All through the month of April, I had been in more pain than usual. I was trying to build up my muscles against the day my back would no longer carry me. Six years ago, I had contracted MRSA in a dirty OR. It liquefied my back.
Originally, I am a “Mesh Sister”, one of the first women who was implanted with transvaginal mesh in 2002. Over the years it did terrible damage to my female organs, and I am a mess.
For the first decade after mesh, our doctors did not believe us. They scoffed at our pain, they called us liars, drug seekers. I went to one doctor who said if I could stand a pelvic, there was no reason I couldn’t have sex. Really? I cried for days.
Then lawsuits started popping up, and with them, closed groups on Facebook of thousands and thousands of women who had been injured. For me, that is where it all started.
In 2012, there were only 4 doctors in the US who could successfully remove mesh. Your tissue grows through it. It hardens inside you and poisons your tissues. Early in 2013, I was lucky enough to find my doctor in Atlanta, Dr. Miklos, who took excellent care of me, removed most of the mesh, and did some reconstruction. Yet, I did not get better.
By September, I knew something else was wrong; I had an MRI and required a spinal fusion. Within 2 weeks, I had HA-MRSA, “an acceptable risk of surgery” that very nearly killed me.
I battled the infection for a year, having more surgeries, but every time, the infection came back and then the little hospital I was in sent me home to die, and my family took me to Emory in Atlanta.
I was way too sick to remember much, but I do know they saved my life in 2014.
It would be so nice, if when you are sick, all you have to do is concentrate on getting better, but the Opiate Epidemic has made that impossible for pain patients. We all know this. Most of us still play the game though and we get cheated. I wasn’t a game player and I was very afraid I was going have to pay for that decision.
I knew there was a lot of damage done to my body from the mesh and the MRSA, and I would spend the rest of my life in pain. I knew they had put one last ditch effort to save my back, and I was no longer a candidate for surgery. In July, 2015, I lost my COBRA. It was a year after that I was finally awarded Disability benefits. Due to circumstances beyond my control, I had to taper myself off all my pain medications. I couldn’t go to a pain clinic without insurance.
I did see a pain doctor once, but he got a false positive for THC in my urine screen, and refused to see me after that. The $1600 lab test they did prove I had done nothing wrong, but I thought I was black balled.
I researched my options, found kratom and CBD and made do. As time went on, I became less trustful of the Medical Community and what was happening to pain patients. I have severe PTSD from the pain I suffered, and I have declined all medical care for the last 5 years.
I rarely leave my house. I am very active in the kratom community the Chronic Pain Communities and the Global Mesh Alliance. But I stay home. It hurts too much to go out.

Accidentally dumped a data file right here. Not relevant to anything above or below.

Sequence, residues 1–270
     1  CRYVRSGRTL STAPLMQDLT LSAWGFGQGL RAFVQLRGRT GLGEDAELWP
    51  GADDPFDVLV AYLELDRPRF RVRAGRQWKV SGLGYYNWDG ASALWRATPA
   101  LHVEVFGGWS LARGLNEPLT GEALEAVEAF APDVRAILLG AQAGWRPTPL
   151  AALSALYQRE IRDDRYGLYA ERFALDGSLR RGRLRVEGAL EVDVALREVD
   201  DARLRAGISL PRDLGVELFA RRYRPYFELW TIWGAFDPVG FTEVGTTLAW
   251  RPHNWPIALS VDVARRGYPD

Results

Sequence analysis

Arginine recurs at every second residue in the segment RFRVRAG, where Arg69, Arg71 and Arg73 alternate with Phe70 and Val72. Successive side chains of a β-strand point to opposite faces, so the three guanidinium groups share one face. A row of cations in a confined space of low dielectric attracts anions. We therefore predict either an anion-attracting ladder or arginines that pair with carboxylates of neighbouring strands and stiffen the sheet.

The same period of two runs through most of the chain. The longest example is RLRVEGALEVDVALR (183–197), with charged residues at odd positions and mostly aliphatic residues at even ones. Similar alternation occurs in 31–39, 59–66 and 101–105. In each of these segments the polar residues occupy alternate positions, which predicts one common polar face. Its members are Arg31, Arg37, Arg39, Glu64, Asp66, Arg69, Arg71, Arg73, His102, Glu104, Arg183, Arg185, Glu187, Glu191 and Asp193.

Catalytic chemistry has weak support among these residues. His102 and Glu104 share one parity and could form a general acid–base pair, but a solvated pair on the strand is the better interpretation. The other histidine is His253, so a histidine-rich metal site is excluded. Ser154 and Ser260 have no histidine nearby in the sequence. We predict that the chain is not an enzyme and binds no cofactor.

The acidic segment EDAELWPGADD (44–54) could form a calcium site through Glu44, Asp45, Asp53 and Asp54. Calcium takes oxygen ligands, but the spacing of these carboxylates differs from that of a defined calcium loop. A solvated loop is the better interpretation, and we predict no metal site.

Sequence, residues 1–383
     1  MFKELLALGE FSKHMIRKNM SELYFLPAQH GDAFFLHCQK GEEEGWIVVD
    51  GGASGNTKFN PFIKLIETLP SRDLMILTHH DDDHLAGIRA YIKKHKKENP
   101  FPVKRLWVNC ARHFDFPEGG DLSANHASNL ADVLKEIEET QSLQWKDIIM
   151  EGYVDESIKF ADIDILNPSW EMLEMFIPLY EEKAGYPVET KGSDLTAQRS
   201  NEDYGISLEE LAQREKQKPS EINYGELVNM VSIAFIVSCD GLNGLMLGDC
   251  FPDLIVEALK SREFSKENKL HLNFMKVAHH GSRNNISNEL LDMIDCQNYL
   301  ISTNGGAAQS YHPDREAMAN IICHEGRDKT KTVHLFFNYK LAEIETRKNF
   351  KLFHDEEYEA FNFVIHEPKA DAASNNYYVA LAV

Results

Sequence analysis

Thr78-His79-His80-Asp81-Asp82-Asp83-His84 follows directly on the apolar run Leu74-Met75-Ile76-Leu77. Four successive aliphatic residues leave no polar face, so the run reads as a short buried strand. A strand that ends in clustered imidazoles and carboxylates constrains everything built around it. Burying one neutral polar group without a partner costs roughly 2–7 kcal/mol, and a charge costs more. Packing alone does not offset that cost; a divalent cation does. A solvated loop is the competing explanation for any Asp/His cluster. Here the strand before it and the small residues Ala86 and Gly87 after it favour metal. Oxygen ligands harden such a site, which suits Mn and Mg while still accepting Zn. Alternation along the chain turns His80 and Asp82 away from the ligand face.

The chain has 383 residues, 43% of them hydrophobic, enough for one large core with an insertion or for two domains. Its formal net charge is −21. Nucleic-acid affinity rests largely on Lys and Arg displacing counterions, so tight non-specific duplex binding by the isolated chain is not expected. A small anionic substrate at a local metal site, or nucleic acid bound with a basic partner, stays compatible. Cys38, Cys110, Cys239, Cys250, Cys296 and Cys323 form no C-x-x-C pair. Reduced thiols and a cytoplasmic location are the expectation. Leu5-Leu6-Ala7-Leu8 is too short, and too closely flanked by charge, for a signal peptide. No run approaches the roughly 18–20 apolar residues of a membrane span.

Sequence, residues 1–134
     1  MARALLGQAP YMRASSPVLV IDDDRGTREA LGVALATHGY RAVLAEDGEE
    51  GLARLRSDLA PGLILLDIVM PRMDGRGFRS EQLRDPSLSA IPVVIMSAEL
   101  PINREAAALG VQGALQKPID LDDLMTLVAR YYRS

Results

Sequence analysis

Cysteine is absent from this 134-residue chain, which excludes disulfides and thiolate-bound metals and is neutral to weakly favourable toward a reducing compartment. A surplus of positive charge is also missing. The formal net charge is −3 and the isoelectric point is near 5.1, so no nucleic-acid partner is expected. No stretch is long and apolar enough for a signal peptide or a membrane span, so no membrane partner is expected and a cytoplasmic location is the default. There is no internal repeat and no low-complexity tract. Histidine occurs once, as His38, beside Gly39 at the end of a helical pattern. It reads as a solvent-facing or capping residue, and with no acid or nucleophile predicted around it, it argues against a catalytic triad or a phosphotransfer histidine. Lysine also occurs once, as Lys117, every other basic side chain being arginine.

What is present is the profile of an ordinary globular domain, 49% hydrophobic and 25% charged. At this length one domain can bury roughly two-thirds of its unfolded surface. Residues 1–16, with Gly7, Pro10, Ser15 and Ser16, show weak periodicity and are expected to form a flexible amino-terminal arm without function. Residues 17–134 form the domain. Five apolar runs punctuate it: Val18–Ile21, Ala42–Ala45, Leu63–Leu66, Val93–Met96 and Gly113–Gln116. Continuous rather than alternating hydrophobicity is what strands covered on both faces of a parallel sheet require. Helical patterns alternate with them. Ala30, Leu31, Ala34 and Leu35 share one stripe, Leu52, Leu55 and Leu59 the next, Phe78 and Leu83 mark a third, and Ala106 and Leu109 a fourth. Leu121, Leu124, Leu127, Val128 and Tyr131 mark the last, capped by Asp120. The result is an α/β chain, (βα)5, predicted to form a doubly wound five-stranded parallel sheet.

The week before Easter, it had gotten to the point I could no longer walk. I felt it was important to go get an X ray just to see what might be wrong.
I told my doctor it took an act of God to get me in his office. Obviously, I wasn’t too far off. The rods holding my fusion were broken.
There is no way to make you understand the terror that went through my soul as I looked at my X-Ray. I thought about hospitals who no longer use opiates, I thought of the horror stories in my closed groups of people who had been refused proper treatment. I thought of Pain Clinics, the CDC, the FDA, the guide lines of 2016, the suicides, and now I had to go back into that hell. I had chosen kratom and CBD, not the mainstream medical care. How were my panic attacks ever going to let me deal with this but I had no choice!
I called the surgeon who had done my surgery 5 years before. I told Dr. Refai’s nurse what had happened. I was still in shock, still thinking it was a mistake. That was Tuesday before Easter.
On Thursday I was admitted to Emory, just like that. All the sudden, there was nothing left to worry about.
My doctor popped his head in, said not to worry about a thing, they had this covered. He would do tests over the weekend, he would do surgery to replace the rods on Monday, and rebuild the parts that did not fuse in the beginning. He went through my back on Monday, then through the front the next Thursday, even though all the scar tissue of the mesh. These were my 29th and 30th surgeries.
They of course took my history; knew I had not seen a doctor in 5 years.
They did not berate my decisions of kratom and CBD. There was not one person who I came in contact with at Emory who was not helpful and kind. Most importantly, I was always given proper pain control, I was always treated with respect, and even my panic attacks, which got really bad at on point, were taken seriously. I was treated the way every person should be treated while ill. It made me believe in healthcare again. The day after the first surgery, I was up walking around with no nerve pain!
Thursday was just a little harder, yet I was able to graduate from PT and IT on Friday. I got home yesterday and I just had to share with you.
Emory has a commercial on its channels that comments on the technology of healthcare today. We have more advances now than we ever have, but it’s going to be up to the hospitals to bring technology and care to the people. The Government is not going to do it, and we need to fix the Healthcare system. It’s going to be up to us. This is a true Easter miracle.
For past National Pain Report stories by Judie Plumley, click here.